Water Absorbent Materials: How to Select the Right Plastic Compound

Feb 17, 2016 9:04:00 AM / by Slideways, Inc.

Selecting the perfect water absorbent material can be challenging. When considering a water-absorbing polymer material to use for a custom machined part and a specific application, some typical properties to evaluate are

  • Temperature
  • Impact strength, and
  • Wear resistance

Thinking about how much water a plastic component can absorb might not come immediately to mind.

But like many materials, plastics can absorb water — although they aren't the best water-absorbing material.

Differences in Water Absorption Rates in Plastic 

Various plastic compounds absorb varying amounts of water and the presence of absorbed water in plastics can significantly affect their performance in different ways. Here are two:

1. Electrical conductivity of plastic

The water absorption rate can cause some plastics to be preferred over others for applications that include underwater use or in high humidity.

For example, polyethylene is preferred in many applications requiring a dielectric because the electrical properties in plastics noticeably change with water absorption and polyethylene absorbs virtually no water.

2. Dimension changes

In addition to affecting changes in electrical conductivity, water can cause changes in a plastic product’s dimensions when absorbed in large amounts. When dimensional stability is required, plastics such as various types of acetals are preferred because of their low rate of water absorption.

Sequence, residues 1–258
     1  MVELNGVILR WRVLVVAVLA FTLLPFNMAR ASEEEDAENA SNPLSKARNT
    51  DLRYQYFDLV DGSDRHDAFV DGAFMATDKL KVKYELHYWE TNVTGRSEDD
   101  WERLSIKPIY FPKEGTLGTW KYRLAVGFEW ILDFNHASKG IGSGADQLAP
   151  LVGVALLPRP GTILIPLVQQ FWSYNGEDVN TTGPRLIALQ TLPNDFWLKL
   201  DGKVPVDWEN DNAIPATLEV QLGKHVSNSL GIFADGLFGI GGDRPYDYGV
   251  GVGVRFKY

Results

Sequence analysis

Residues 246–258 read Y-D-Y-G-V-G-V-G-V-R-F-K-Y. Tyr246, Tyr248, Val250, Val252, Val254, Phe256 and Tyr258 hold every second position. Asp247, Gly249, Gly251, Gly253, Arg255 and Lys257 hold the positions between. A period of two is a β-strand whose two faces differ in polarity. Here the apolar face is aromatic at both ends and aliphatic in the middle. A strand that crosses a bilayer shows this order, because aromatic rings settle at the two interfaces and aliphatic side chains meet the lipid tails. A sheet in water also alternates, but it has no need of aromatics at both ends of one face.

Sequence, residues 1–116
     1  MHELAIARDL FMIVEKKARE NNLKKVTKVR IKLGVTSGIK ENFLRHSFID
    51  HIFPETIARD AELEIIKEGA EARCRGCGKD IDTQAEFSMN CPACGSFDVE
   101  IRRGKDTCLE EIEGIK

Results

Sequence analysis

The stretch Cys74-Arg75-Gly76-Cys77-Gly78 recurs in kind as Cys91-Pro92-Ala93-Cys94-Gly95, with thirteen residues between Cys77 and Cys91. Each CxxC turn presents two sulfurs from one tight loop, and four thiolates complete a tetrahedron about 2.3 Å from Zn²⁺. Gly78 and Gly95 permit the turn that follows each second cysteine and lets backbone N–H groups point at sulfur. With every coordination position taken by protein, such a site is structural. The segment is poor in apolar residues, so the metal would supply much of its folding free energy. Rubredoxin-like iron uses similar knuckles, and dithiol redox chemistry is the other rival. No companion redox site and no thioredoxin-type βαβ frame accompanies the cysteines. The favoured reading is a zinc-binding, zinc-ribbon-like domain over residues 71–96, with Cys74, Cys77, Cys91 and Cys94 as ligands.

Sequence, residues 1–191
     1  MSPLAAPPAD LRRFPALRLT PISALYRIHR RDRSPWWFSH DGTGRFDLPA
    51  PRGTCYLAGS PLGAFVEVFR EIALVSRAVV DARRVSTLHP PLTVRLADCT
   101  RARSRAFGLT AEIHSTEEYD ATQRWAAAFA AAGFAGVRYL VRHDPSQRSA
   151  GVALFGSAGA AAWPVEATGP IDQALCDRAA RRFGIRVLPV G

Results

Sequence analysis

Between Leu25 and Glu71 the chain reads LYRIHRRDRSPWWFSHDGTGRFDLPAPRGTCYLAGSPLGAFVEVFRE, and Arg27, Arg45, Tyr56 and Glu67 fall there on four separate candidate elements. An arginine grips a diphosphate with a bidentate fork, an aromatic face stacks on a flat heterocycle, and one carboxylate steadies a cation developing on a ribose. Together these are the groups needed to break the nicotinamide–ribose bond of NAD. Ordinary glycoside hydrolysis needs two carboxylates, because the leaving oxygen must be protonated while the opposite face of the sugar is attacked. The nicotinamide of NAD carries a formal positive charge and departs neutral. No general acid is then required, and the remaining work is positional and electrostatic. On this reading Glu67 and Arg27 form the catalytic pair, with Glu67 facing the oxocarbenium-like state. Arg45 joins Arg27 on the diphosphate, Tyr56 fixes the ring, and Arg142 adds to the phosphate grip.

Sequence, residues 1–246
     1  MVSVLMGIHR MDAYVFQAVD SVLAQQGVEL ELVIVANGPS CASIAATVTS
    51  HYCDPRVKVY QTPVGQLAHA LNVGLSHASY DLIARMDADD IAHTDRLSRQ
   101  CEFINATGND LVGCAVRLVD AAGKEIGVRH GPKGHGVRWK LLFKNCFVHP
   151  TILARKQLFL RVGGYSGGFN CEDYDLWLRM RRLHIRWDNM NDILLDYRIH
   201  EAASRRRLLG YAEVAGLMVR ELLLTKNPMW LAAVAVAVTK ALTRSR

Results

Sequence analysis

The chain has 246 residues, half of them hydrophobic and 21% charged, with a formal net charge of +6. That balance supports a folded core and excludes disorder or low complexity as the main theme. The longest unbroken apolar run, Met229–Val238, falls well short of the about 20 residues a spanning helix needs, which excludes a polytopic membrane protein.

How to Test Plastics for Water Absorption

Utilizing the ASTM D570 plastic test standard, there are three basic water absorption test procedures that can determine percentage increases in weight after plastic compounds are exposed to water under specified conditions:

water absorbent materials

Source: UL LLC

The first procedure above, which provides the percentage of water absorbed in a 24-hour period, is the most important when considering plastics to use in custom plastic machined parts that will be used in high humidity applications.

As noted earlier, the more a plastic product absorbs water, the more its dimensions can change which can result in a significant loss of performance or even failure in an application.

If a low or zero rate of water absorption is crucial for your plastic parts, in addition to polyethylene (UHMW) and acetal, consider polypropylene and polytetrafluoroethylene (Rulon and Teflon). They're extremely low water absorbent materials.

Topics: plastic, polyethylene, water absorption

Slideways, Inc.

Written by Slideways, Inc.

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